Threat to Tanzania’s Indigenous Trees an Urgent Calls for Conservation

Coast Region. Tanzania’s is grappling with a perilous situation as indigenous trees face the risk of extinction. The alarm was sounded by Reuben Magandi, the Conservation Officer of the Tanzania Forest Services Agency (TFS), during a recent training session organized by the Environmental Journalists of Tanzania (JET).

Magandi emphasized that concerted efforts are required to protect and conserve vital resources, particularly species such as Dalbergia melanoxylon (Mpingo), Osyris lanceolata (Misandali), and Pterocarpus Tinctorius (Mikurungu). These trees are under siege due to activities like unchecked logging and charcoal production within protected forests.

Dalbergia melanoxylon (Mpingo).

The urgency of the situation was underscored by Magandi, who highlighted the crucial role these trees play in Tanzania’s ecological balance. He stressed that the country benefits significantly from these species, protected under the 2014 international CITES agreement. Their disappearance could lead to environmental degradation, transforming sections of the country into deserts.

To counter these threats, Magandi detailed ongoing initiatives to restore natural vegetation. Collaborative efforts between the Tanzania Forest Services Agency, various institutions, and communities are underway. The USAID-funded “Tuhifadhi Maliasili” project, facilitated by JET, plays a pivotal role in supporting these endeavors.

Magandi emphasized the importance of public education on responsible environmental practices. Initiatives such as tree planting, seedling distribution to communities and schools, and the promotion of alternative income sources like beekeeping and honey harvesting are actively being pursued.

Osyris lanceolata (Misandali).

The Conservation Officer also highlighted international collaborations and agreements focused on preventing the indiscriminate harvesting of vulnerable trees. These partnerships aim to ensure the sustained existence of endangered plant species for future generations.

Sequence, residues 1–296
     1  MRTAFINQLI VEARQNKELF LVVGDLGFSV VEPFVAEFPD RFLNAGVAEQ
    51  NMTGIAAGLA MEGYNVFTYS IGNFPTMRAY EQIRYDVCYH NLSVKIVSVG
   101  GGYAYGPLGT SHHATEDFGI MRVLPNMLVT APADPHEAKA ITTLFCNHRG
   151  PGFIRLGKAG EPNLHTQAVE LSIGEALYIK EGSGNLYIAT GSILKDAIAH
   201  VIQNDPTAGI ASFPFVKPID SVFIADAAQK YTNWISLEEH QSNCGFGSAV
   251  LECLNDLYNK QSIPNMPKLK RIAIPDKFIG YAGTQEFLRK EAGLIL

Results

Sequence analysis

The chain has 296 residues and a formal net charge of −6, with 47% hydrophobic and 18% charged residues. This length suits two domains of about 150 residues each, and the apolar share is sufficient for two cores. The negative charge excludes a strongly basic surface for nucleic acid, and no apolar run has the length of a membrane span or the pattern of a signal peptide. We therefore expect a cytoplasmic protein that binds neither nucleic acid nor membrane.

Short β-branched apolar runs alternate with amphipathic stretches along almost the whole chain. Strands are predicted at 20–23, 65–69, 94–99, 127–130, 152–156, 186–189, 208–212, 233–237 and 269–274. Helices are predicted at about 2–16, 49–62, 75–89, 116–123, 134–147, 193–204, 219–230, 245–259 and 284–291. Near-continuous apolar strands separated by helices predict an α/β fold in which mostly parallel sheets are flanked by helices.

Addressing environmental challenges, Magandi pointed out the significant threat posed by wildfires to protected forests. Community involvement and education are integral components of fire prevention and control strategies. By engaging communities and providing them with the knowledge to protect native trees, authorities hope to minimize the risk of uncontrolled wildfires.

Pterocarpus Tinctorius (Mikurungu).

Director of JET John Chikomo, emphasized the pivotal role of journalists in raising awareness about environmental conservation. He stressed that journalists are essential stakeholders in educating the public about the importance of preserving and protecting the environment.

JET, established in 1991, has been conducting training programs for journalists, and its current project, funded by USAID, focuses on the seven wildlife corridors in Tanzania.

Twenty journalists, representing both government and private media from mainland Tanzania and Zanzibar, were trained under this initiative. They pledged to disseminate information on the critical importance of environmental conservation, acknowledging that environmental degradation could lead to various consequences, including climate change.

According to them, the precarious situation facing Tanzania’s indigenous trees demands urgent and collective action. Through collaborative efforts, awareness campaigns, and sustainable practices, the country aims to safeguard its invaluable natural resources. The commitment of trained journalists underscores the role of the media in fostering environmental conservation and sustainability.

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